Baltimore police overwhelmingly approved a one-year contract with the city that includes a 5 percent pay raise and the testing of a four-day work week, city and police union officials confirmed yesterday.
In November, officers in the Northeast District will begin working a 10-hour-a-day four-day shift instead of the eight-hour-a-day, six-day stint which has been in place for 50 years, according to Paul M. Blair Jr., the president of the city's Fraternal Order of Police union.
The change in schedule, which could be implemented in the eight other districts by next year, was ratified by more than 80 percent of the officers in what was the largest turnout in the past four contracts, according to Blair. The Northeast District will test the schedule for 90 to 120 days.
"It shows how much the men and women are excited to get the new work schedule," Blair said.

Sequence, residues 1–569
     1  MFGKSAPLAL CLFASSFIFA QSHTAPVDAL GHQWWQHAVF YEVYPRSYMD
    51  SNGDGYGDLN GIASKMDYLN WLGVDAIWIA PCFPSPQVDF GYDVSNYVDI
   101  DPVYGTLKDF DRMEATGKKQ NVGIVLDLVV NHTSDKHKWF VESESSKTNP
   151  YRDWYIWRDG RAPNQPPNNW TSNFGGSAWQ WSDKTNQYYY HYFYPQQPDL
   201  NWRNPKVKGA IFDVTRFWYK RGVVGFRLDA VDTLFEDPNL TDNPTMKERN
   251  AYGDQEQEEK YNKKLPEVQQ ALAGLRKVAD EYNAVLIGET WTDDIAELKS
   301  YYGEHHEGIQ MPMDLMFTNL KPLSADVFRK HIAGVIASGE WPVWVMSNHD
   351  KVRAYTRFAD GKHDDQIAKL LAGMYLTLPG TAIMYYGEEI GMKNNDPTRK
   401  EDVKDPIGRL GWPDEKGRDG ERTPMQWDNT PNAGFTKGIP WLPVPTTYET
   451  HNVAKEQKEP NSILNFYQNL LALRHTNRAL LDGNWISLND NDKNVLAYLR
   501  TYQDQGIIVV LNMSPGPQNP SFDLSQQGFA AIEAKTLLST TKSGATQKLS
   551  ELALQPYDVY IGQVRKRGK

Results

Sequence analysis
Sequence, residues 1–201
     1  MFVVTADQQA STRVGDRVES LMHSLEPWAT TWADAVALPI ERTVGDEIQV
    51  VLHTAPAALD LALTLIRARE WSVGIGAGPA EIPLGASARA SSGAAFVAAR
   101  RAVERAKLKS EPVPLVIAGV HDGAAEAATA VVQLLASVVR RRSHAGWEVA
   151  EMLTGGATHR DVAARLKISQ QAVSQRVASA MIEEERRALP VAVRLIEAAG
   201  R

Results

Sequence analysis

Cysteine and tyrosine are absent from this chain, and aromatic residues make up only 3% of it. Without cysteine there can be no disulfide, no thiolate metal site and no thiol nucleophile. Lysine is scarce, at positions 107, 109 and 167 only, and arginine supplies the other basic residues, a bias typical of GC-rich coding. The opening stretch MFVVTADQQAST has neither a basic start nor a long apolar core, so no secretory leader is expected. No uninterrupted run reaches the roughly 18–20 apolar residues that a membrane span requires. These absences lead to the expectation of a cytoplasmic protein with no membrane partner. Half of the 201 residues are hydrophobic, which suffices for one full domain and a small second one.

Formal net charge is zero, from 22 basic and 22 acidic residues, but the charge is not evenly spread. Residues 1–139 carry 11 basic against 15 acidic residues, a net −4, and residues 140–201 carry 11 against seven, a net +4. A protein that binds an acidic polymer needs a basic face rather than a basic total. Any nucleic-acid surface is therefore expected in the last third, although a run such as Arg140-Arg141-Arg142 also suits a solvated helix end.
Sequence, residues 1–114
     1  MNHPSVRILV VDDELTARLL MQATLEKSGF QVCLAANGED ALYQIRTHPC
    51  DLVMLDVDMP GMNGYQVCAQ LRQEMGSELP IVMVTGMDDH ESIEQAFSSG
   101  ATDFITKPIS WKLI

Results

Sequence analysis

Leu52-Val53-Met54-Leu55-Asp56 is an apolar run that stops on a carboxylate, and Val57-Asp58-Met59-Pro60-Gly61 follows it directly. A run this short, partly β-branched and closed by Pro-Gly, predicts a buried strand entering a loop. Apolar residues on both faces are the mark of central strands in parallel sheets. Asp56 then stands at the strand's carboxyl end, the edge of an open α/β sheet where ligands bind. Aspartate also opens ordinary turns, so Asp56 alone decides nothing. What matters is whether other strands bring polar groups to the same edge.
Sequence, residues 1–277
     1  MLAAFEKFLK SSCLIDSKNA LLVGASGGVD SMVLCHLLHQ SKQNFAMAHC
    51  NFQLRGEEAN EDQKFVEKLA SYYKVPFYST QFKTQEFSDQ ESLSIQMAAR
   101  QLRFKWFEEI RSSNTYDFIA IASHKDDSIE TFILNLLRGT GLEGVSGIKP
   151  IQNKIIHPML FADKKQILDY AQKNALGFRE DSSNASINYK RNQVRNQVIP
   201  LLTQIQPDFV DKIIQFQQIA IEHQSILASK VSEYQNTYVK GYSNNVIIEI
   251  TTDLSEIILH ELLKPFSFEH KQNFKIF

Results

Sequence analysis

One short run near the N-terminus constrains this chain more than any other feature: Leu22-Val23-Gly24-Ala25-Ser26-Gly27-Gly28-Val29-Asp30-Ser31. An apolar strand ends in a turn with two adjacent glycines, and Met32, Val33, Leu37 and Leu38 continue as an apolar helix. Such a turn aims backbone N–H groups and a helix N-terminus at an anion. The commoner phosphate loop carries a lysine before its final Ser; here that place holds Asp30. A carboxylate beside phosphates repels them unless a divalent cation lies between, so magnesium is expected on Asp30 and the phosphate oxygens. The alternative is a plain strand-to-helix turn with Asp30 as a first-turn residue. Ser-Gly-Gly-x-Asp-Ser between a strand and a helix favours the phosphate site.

Blair said the schedule should help fight crime by putting more officers on the streets during night-time hours. The evening shift is to go from 4 p.m. to 2 a.m., while the late shift is scheduled to begin at 9 p.m. and last until 7 a.m.
"The biggest winners will be citizens of Baltimore," Blair said. "The extra police during peak time will hopefully help combat crime."
City officials also expressed relief over the terms of the new contract.
"Personally, I'm very pleased that we reached an agreement with the FOP. It is a one-year agreement, and come January, we'll be back at the table again," said Deborah Moore-Carter, the city's labor commissioner.
Blair said he was disappointed that the contract did not include more money. With the raise, the starting salary for an officer is $41,058.
While that is not far off from surrounding districts, Blair said, veteran officers with eight or more years' experience will still tend to make 15 percent less than their counterparts in the state police and in Baltimore, Howard and Anne Arundel counties.